NGS-based detection of HBV and HEV infections is more sensitive than using commercially available assays. HBV and HEV may be cryptically associated with HUE.
Up to 30% of acute viral hepatitis has no known etiology. To determine the disease etiology in patients with acute hepatitis of unknown etiology (HUE), serum specimens were obtained from 38 patients residing in the United Kingdom and Vietnam and from 26 healthy US blood donors. All specimens tested negative for known viral infections causing hepatitis, using commercially available serological and nucleic acid assays.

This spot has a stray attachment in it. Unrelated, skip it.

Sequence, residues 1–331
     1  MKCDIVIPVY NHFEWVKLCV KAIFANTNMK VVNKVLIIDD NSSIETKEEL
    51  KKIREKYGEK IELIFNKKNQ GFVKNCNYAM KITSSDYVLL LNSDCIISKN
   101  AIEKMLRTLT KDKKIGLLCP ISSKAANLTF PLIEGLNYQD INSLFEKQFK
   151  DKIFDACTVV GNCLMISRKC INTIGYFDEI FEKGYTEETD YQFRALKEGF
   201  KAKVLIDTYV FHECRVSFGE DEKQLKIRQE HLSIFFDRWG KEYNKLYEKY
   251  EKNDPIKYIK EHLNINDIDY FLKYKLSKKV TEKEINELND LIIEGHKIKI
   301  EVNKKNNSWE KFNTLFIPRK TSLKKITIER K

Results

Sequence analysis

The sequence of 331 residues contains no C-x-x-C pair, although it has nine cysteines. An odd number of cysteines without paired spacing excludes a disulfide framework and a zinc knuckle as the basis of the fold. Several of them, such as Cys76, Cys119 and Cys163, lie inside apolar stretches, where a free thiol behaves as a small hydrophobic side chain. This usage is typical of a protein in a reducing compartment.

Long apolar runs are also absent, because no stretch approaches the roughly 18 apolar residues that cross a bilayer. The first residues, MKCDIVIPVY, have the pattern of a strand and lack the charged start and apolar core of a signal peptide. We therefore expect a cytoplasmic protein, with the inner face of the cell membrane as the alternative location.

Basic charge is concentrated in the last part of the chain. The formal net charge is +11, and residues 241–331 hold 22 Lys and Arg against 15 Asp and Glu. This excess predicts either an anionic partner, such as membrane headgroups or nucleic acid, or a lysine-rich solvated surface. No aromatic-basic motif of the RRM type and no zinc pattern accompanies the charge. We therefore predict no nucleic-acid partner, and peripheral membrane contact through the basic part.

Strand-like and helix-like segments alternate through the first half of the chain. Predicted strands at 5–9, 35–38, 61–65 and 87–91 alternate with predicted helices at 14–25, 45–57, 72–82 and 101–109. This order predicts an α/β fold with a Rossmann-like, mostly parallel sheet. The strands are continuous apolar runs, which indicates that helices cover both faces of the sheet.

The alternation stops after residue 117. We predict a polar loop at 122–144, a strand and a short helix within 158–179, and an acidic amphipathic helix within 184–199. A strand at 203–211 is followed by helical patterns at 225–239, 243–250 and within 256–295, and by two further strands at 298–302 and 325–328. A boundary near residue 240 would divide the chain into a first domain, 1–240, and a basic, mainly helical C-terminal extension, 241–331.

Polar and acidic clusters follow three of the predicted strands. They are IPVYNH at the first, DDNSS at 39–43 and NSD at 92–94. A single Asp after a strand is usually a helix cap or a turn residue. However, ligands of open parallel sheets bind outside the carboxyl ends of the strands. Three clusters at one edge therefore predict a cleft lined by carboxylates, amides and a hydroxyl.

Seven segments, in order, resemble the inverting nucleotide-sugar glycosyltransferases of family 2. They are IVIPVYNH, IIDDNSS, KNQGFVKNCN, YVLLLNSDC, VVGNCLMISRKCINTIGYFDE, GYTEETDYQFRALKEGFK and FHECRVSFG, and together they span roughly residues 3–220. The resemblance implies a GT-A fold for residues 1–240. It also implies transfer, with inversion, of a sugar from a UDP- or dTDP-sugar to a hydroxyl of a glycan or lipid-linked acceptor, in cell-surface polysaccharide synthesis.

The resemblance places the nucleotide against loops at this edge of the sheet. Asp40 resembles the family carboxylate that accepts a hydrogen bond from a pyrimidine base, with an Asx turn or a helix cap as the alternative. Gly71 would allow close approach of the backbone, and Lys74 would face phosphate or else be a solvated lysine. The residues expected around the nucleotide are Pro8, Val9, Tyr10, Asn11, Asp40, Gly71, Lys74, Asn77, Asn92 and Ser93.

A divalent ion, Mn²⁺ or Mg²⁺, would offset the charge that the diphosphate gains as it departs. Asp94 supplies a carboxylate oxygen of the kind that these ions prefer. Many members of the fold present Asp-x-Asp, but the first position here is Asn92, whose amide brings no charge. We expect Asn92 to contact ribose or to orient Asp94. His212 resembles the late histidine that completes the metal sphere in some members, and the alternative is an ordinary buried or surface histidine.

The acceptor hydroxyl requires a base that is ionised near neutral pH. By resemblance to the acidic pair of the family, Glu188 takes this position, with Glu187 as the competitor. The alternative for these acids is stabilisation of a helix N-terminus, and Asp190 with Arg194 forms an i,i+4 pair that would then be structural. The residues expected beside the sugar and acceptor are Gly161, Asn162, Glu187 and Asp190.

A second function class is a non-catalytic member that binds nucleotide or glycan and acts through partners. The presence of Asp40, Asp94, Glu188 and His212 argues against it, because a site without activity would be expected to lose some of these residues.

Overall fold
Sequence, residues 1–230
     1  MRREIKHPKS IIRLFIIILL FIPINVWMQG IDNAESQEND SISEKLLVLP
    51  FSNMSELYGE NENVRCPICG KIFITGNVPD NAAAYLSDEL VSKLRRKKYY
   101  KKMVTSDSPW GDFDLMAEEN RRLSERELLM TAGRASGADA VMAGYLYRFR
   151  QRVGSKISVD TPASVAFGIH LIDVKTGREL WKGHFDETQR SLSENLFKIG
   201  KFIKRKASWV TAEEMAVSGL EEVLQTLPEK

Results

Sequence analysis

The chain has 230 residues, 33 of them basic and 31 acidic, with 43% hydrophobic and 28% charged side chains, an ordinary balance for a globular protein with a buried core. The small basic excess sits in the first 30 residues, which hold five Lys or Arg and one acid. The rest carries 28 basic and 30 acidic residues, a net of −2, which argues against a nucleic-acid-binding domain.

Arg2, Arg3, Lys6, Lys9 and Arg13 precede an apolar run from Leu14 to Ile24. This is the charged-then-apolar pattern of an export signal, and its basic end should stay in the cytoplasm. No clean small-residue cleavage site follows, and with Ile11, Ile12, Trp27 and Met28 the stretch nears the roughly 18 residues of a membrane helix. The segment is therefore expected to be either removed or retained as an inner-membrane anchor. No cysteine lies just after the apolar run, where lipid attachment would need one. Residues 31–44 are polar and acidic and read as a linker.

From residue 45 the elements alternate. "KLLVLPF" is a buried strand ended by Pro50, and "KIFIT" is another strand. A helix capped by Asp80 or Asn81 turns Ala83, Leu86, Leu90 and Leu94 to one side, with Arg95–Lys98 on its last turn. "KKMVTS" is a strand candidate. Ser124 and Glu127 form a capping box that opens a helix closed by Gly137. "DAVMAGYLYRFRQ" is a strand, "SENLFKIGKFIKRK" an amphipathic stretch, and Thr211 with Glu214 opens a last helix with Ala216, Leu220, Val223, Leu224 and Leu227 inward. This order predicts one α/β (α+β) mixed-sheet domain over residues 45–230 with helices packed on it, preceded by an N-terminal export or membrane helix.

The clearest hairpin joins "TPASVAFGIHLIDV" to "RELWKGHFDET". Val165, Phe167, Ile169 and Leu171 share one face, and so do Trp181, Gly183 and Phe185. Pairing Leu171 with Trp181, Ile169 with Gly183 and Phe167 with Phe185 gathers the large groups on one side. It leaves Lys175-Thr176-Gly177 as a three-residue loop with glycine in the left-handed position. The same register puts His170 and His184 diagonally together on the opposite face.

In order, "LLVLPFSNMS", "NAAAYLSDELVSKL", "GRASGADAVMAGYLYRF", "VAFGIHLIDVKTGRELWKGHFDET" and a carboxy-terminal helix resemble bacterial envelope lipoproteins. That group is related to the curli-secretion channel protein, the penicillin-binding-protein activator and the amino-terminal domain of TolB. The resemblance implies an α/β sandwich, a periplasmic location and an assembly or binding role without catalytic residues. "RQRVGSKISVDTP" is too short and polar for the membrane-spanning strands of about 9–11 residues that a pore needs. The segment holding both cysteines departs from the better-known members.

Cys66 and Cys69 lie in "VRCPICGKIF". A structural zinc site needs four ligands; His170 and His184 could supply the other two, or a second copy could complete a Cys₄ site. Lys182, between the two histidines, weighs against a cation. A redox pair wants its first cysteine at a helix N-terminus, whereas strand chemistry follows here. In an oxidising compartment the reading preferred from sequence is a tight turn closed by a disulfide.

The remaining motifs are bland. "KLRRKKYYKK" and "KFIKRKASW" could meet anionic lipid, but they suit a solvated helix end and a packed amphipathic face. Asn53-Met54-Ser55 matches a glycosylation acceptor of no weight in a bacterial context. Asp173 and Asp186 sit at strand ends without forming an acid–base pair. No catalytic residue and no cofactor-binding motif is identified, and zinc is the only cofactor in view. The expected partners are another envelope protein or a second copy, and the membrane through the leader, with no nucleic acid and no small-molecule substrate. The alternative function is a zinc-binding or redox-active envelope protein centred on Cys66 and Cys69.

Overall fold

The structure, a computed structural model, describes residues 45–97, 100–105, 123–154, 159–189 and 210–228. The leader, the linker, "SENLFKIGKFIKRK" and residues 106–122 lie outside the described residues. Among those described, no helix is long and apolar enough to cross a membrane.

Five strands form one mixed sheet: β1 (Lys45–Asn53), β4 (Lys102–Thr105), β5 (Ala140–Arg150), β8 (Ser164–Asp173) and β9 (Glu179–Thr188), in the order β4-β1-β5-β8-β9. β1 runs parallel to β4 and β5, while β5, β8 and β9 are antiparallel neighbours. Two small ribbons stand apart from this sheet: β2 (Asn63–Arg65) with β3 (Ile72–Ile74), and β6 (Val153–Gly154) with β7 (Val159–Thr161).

Sequences from hepatitis B virus (HBV) were detected in 7 individuals with HUE (58.3%) and the pooled library, and hepatitis E virus (HEV) was detected in 2 individuals with HUE (16.7%) and the pooled library. Both HEV-positive cases were coinfected with HBV. HBV sequences belonged to genotypes A, D, or G, and HEV sequences belonged to genotype 3. No known hepatotropic viruses were detected in the tested normal human sera.
Specimens were processed by sequence-independent complementary DNA amplification and next-generation sequencing (NGS). Sufficient material for individual NGS libraries was obtained from 12 HUE cases and 26 blood donors; the remaining HUE cases were sequenced as a pool. Read mapping was done by targeted and de novo assembly.